The Works of Samuel Johnson.LL.D..: The lives of the English poets
T. Longman, B. White and Son, B. Law, J. Dodsley, H. Baldwin, J. Robson, J Johnson, C. Dilly, T. Vernor, G. G. J. and J. Robinson, T. Cadell, J. Nichols, R. Baldwin, N. Conant, P. Elmsly, F. and C. Rivington, T. Payne, W. Goldsmith, R. Faulder, Leigh and Sotheby, G. Nicol, J. Murray, A. Strahan, W. Lowndes, T. Evans, W. Bent, S. Hayes, G. and T. Wilkie, T. and J. Egerton, W. Fox, P. M.'Queen, Ogilvie and Speale, Darton and Harvey, G. and C. Kearsley, W. Millar, B. C. Collins, and E. Newbery., 1792
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Addiſon afterwards againſt allowed appeared becauſe believe called character collection College common conſidered continued converſation court death deſign died duke earl eaſily effect elegance endeavoured equal excellence expected favour firſt formed friends gave genius give given hand himſelf honour houſe imagined intereſt kind king known laſt learning leaſt leſs letter lines lived Lord manner mentioned mind moſt muſt nature never obſerved obtained occaſion once opinion performance perhaps perſon play pleaſed pleaſure poem poet poetry Pope praiſe preſent Prior produced publick publiſhed Queen reaſon received regard remarkable returned ſaid ſame Savage ſays ſeems ſent ſhe ſhould ſome ſometimes ſon Steele ſtill ſtudies ſubject ſuch ſufficient ſuppoſed theſe thing thoſe thought tion told took tragedy uſe verſes virtue whoſe write written wrote
Page 339 - WANDERER, the man of exalted sentiments, extensive views, and curious observations ; the man whose remarks on life might have assisted the statesman, whose ideas of virtue might have enlightened the moralist, whose eloquence might have influenced senates, and whose delicacy might have polished courts.
Page 26 - James, whose skill in physic will be long remembered ; and with David Garrick, whom I hoped to have gratified with this character of our common friend. But what are the hopes of man ? I am disappointed by that stroke of death which has eclipsed the gaiety of nations, and impoverished the public stock of harmless pleasure.
Page 116 - ... always equable, and always easy, without glowing words or pointed sentences. Addison never deviates from his track to snatch a grace; he seeks no ambitious ornaments, and tries no hazardous innovations. His page is always luminous, but never blazes in unexpected splendour.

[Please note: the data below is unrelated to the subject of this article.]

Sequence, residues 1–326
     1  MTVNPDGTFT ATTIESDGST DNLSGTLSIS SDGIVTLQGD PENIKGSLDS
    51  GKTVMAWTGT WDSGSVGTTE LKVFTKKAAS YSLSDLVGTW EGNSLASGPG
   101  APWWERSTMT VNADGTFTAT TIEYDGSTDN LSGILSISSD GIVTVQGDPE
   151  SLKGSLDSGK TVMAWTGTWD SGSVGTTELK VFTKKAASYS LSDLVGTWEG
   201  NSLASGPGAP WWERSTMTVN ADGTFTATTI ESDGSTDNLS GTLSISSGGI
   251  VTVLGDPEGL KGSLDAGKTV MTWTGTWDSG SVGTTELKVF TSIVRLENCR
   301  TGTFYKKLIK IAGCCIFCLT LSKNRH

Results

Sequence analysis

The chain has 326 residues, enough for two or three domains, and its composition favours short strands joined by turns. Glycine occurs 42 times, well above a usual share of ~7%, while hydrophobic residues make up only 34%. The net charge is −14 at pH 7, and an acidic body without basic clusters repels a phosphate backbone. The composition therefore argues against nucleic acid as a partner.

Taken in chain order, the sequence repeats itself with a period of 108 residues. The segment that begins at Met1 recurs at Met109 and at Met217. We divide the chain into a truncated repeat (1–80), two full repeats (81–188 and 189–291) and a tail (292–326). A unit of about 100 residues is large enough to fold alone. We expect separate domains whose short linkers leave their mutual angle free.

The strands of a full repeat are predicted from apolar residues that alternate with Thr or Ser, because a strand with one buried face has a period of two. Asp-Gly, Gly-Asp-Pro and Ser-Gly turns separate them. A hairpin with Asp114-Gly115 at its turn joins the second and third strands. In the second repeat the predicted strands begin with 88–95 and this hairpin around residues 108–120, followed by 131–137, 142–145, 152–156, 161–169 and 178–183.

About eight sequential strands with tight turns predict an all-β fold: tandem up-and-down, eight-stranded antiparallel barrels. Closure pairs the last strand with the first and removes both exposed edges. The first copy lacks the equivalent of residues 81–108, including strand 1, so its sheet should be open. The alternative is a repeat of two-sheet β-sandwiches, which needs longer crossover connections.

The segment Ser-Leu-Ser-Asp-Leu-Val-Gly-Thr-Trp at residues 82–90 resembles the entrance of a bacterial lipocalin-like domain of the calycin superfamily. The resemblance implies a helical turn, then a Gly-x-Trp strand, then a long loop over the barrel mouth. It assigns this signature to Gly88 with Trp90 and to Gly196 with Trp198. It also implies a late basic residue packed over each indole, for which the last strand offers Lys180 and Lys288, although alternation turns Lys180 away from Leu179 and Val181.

Page 26 - His studies had been so various, that I am not able to name a man of equal knowledge. His acquaintance with books was great; and what he did not immediately know, he could at least tell where to find.
Page 267 - Richard, with an air of the utmost importance, to come very early to his house the next morning. Mr. Savage came as he had promised, found the chariot at the door, and Sir Richard waiting for him, and ready to go out. What was intended, and whither they were to go, Savage could not conjecture, and was not willing to...
Page 83 - above all men in that talent called humour, and enjoyed it in such perfection that I have often reflected, after a night spent with him apart from all the world, that I had had the pleasure of conversing with an intimate acquaintance of Terence and Catullus, who had all their wit and nature, heightened with humour more exquisite and delightful than any other man ever possessed.
Page 220 - The play, like many others, was plainly written only to divert, without any moral purpose, and is therefore not likely to do good; nor can it be conceived, without more speculation than life requires or admits, to be productive of much evil. Highwaymen and housebreakers seldom frequent the playhouse, or mingle in any elegant diversion; nor is it possible for any one to imagine that he may rob with safety, because he sees Macheath reprieved upon the stage.
Page 267 - They soon sat down to the work. Sir Richard dictated and Savage wrote, till the dinner that had been ordered was put upon the table. Savage was surprised at the meanness of the entertainment, and after...
Page 380 - ... nothing will supply the want of prudence; and that negligence and irregularity, long continued, will make knowledge useless, wit ridiculous, and genius contemptible.
Page 298 - Should Dennis publish, you had stabb'd your Brother, Lampoon'd your Monarch, or debauch'd your Mother ; Say, what revenge on Dennis can be had ? Too dull for laughter, for reply too mad : On one so poor you cannot take the law; On one so old your sword you scorn to draw : Uncag'd then let the harmless monster rage, Secure in dulness, madness, want, and age.